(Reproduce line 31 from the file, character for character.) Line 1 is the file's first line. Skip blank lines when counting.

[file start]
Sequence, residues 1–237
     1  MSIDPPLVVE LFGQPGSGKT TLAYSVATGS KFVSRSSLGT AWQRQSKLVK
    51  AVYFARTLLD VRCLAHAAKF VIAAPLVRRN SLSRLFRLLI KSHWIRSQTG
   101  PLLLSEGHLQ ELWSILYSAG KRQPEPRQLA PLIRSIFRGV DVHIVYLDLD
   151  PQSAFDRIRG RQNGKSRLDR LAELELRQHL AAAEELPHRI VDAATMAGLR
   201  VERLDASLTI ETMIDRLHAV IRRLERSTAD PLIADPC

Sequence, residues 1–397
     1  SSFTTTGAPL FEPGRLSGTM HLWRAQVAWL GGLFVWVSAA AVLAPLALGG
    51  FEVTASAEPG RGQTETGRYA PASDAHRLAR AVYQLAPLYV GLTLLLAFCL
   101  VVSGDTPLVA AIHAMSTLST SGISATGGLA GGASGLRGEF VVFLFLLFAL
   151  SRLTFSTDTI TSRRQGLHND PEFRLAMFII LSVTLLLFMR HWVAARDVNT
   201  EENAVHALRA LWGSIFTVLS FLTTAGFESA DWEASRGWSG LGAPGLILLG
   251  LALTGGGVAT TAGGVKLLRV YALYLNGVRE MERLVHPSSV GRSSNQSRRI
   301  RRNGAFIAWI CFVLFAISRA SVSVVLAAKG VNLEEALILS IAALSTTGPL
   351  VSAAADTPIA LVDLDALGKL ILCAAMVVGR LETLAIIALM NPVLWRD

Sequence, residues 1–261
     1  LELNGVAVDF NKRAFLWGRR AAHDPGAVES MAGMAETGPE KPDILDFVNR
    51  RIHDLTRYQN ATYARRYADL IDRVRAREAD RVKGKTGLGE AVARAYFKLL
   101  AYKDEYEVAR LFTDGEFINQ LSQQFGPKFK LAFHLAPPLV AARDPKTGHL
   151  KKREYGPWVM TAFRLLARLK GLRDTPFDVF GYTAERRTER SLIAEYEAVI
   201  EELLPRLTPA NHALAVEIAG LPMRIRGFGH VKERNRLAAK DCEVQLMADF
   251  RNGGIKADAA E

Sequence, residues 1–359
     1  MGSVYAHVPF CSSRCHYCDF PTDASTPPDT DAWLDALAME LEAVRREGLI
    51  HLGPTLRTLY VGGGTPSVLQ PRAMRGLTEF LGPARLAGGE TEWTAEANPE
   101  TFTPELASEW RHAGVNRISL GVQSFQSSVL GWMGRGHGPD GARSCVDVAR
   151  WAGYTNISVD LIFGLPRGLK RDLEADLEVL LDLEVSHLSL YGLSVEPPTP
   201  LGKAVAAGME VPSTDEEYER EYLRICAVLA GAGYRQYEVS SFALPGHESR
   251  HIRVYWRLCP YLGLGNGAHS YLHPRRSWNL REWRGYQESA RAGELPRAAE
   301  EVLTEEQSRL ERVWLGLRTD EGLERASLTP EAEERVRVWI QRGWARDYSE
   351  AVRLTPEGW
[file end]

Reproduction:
   351  AVRLTPEGW